The problem: I am integrating complex logarithms over an angle $\phi$ over $[0,2\pi]$. It is quite complex (pun not intended) and I called Mathematica in to aid me. I am calculating an energy of a system (which must be real-valued) and getting a complex result.

The integration (done by Mathematica, which formally chooses the logarithm's branch cut as $]-\infty,0]$) yields

$2\pi (i \pi + 3 \ln{(-r)})$

With that branch cut, $\ln{(-r)} = \ln{|r|} + i\pi, (r>0)$, which results in a remaining imaginary term. The question I have is: is it allowed to "re-choose" the logarithms branch cut when evaluating the seemingly independent problem of evaluating the logarithm of a negative number, just so, that instead of a imaginary $i\pi$, I get $-i\pi/3$, nicely cancelling with the other term in the expression? In other words: is the integration independent of the choice of the branch cut in the sense that the branch cut can be changed afterwards?

Alternatively, how would I go about calculating the integral with another branch cut (the one I want), so I can see if the "better" branch cut gives a real result?


UPDATE: Here's the integrand itself:

$$\int_\xi^R \rho d\rho \int_0^{2\pi} d\phi \frac{1}{\rho^2} \frac{4\rho^2+r^2-4r\rho \cos{\phi}}{\rho^2 +r^2-2r\rho \cos{\phi}}$$

Splitting in partial fractions and calculating the integral over $\rho$ gives you

$$\int_0^{2\pi} d\phi \left[ \ln{\left|\frac{R}{\xi}\right|} + \frac{2e^{2i\phi}-1}{e^{2i\phi}-1} \left( \ln{(R-r e^{i\phi})}-\ln{(\xi-r e^{i\phi})} \right) + \frac{e^{2i\phi}-2}{e^{2i\phi}-1} \left( \ln{(R-r e^{-i\phi})}-\ln{(\xi-re^{-i\phi})} \right) \right]$$

This last one evaluates to the above complex expression after a call to Integrate[...,{$\phi$,0,2$\pi$}] in Mathematica, if I make the physical assumption that $\xi << r << R$.

  • $\begingroup$ I'm not sure what "is it allowed" means here. Unless you say which branch of the logarithm you mean in the integrand, you don't have a well-defined problem. Once you say that, you have a well-defined problem, a well-defined integrand and a well-defined integral, and it's not clear how you could then be "allowed" to choose among various possibilities in the result, since the well-defined integral only has one well-defined value. It would be much easier to say something more specific about your problem if you also told us the integral you're dealing with. $\endgroup$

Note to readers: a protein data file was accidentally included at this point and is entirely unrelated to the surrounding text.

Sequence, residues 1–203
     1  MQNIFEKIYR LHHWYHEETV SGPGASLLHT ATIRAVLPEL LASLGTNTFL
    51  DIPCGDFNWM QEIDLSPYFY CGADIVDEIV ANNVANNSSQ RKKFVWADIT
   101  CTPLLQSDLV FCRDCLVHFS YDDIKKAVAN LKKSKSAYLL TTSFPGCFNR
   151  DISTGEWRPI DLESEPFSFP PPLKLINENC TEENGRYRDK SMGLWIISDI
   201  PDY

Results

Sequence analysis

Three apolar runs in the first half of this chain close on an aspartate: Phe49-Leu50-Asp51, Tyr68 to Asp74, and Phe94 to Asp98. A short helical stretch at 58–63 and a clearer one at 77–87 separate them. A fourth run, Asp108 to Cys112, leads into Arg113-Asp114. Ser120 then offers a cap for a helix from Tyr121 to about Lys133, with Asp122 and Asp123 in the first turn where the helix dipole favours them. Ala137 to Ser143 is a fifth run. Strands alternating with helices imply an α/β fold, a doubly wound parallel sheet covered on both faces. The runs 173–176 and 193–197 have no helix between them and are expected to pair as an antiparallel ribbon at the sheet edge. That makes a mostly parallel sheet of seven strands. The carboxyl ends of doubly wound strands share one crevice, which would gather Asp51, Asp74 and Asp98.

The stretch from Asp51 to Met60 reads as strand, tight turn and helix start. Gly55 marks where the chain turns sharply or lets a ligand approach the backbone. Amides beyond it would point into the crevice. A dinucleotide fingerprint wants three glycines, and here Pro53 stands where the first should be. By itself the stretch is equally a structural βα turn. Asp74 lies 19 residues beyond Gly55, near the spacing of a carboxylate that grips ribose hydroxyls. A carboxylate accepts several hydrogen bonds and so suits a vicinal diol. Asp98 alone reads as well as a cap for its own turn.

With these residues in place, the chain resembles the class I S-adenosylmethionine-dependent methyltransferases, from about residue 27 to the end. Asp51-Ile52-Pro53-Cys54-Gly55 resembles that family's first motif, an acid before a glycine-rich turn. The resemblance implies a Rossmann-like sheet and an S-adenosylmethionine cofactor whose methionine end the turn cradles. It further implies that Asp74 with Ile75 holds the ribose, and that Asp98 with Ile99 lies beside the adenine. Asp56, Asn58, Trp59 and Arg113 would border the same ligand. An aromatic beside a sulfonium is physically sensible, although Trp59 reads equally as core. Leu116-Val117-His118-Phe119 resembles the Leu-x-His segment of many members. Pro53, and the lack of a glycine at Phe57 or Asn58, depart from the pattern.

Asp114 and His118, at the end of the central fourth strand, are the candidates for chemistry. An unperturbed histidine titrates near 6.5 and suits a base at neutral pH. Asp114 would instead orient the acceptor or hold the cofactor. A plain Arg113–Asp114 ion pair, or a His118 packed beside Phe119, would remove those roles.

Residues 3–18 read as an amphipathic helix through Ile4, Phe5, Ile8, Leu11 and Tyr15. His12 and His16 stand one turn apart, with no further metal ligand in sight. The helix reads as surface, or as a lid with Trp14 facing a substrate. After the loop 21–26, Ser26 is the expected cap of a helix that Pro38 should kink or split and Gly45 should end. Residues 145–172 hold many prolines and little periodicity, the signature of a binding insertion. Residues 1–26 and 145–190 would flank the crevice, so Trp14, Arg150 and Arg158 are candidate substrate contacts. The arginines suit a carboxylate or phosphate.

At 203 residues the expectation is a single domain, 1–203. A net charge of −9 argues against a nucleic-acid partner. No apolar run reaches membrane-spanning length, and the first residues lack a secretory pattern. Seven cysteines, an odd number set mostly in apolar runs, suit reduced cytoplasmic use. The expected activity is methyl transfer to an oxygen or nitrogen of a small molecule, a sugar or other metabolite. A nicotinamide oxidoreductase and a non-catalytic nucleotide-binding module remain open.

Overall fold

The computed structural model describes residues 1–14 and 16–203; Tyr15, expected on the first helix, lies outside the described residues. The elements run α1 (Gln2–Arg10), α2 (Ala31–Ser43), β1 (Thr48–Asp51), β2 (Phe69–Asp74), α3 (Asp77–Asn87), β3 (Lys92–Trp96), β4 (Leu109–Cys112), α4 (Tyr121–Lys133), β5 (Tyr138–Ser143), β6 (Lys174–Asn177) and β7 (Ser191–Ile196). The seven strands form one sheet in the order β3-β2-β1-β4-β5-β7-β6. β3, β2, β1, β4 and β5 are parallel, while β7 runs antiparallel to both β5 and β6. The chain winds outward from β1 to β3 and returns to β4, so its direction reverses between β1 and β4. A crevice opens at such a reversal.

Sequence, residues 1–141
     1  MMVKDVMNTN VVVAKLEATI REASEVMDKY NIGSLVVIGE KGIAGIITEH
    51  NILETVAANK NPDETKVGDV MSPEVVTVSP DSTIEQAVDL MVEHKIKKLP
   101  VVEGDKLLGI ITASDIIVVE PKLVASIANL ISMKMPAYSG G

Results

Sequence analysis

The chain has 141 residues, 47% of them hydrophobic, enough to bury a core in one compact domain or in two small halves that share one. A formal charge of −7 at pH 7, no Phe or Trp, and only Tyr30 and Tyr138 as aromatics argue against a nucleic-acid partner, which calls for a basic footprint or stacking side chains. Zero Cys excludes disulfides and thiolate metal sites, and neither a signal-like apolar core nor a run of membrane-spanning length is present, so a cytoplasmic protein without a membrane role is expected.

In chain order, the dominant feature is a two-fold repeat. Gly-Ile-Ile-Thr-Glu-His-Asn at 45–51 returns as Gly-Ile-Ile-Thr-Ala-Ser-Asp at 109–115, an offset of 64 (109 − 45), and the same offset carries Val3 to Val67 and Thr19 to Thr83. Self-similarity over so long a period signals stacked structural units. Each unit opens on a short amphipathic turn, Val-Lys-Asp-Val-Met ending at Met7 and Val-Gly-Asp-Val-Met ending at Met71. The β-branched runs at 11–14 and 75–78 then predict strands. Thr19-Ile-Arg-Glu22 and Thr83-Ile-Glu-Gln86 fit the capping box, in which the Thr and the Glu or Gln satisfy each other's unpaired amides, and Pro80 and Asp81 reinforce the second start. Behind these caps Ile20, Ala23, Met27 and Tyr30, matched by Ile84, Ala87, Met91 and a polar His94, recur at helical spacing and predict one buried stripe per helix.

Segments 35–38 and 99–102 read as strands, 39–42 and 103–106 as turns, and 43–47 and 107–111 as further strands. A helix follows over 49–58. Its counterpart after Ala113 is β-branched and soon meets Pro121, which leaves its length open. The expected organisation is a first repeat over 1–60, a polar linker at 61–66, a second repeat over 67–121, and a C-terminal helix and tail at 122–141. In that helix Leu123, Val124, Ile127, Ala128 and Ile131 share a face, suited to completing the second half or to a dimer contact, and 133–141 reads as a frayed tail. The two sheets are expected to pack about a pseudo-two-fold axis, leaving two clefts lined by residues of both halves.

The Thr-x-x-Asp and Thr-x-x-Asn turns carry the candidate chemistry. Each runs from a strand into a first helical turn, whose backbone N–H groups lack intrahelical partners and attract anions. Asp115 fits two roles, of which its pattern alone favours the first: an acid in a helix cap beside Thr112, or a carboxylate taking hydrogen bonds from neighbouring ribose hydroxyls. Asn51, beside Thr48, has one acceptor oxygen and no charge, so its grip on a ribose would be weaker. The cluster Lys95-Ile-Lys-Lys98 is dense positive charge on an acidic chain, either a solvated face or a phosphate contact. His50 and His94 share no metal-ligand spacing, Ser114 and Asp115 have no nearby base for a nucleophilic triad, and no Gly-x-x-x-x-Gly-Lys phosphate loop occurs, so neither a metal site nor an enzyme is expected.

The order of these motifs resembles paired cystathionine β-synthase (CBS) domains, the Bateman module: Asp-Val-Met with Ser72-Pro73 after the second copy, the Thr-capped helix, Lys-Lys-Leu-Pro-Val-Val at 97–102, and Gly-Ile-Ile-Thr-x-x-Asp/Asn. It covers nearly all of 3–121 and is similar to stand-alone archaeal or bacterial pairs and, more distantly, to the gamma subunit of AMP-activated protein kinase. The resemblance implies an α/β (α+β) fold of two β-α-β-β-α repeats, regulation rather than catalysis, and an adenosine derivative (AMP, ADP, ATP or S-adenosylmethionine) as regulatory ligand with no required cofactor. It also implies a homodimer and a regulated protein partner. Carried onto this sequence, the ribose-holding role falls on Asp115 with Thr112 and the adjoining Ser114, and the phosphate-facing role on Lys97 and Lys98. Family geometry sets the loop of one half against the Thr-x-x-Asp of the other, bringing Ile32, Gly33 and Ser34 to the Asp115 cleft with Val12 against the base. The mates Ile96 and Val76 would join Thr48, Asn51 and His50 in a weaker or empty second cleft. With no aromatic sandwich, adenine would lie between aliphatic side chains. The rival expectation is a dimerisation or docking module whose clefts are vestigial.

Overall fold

– joriki
    Apr 11, 2011 at 11:46
  • $\begingroup$ Also, there's no branch of the logarithm on which $\ln(-r)=\ln|r|-i\pi/3$ (presuming you meant $-i\pi/3$); the branches of the logarithm yield $\ln(-r)=\ln|r|+(2n+1)i\pi$ with $n\in\mathbb{Z}$. $\endgroup$
    – joriki
    Apr 11, 2011 at 11:53
  • $\begingroup$ @joriki: yes I meant $-i\pi/3$, thanks for that. I thought a branch cut could be chosen arbitrarily, as long as it starts from a branch point (the origin in this case)? $\endgroup$
    – rubenvb
    Apr 11, 2011 at 12:10
  • 2
    $\begingroup$ You can choose the branch cut arbitrarily, but that doesn't mean you can choose the function values arbitrarily. It just means you can choose where the discontinuity (in this case a jump by $2\pi i$) goes, but the fibre of possible function values for each argument is fixed, and you get it by adding multiples of $2\pi$ to the "canonical" function values. $\endgroup$
    – joriki
    Apr 11, 2011 at 12:17
  • $\begingroup$ By the way, choosing a branch cut doesn't determine the function values; you can still add multiples of $2\pi i$ to all function values at once without moving the discontinuity. So the function values are not determined by specifying that Mathematica chooses the branch cut as $]-\infty,0]$, you also need to specify one function value, e.g. $\ln 1=0$. (Of course usually logarithms are taken such that they coincide with the real logarithm on the positive real axis.) $\endgroup$
    – joriki
    Apr 11, 2011 at 12:27


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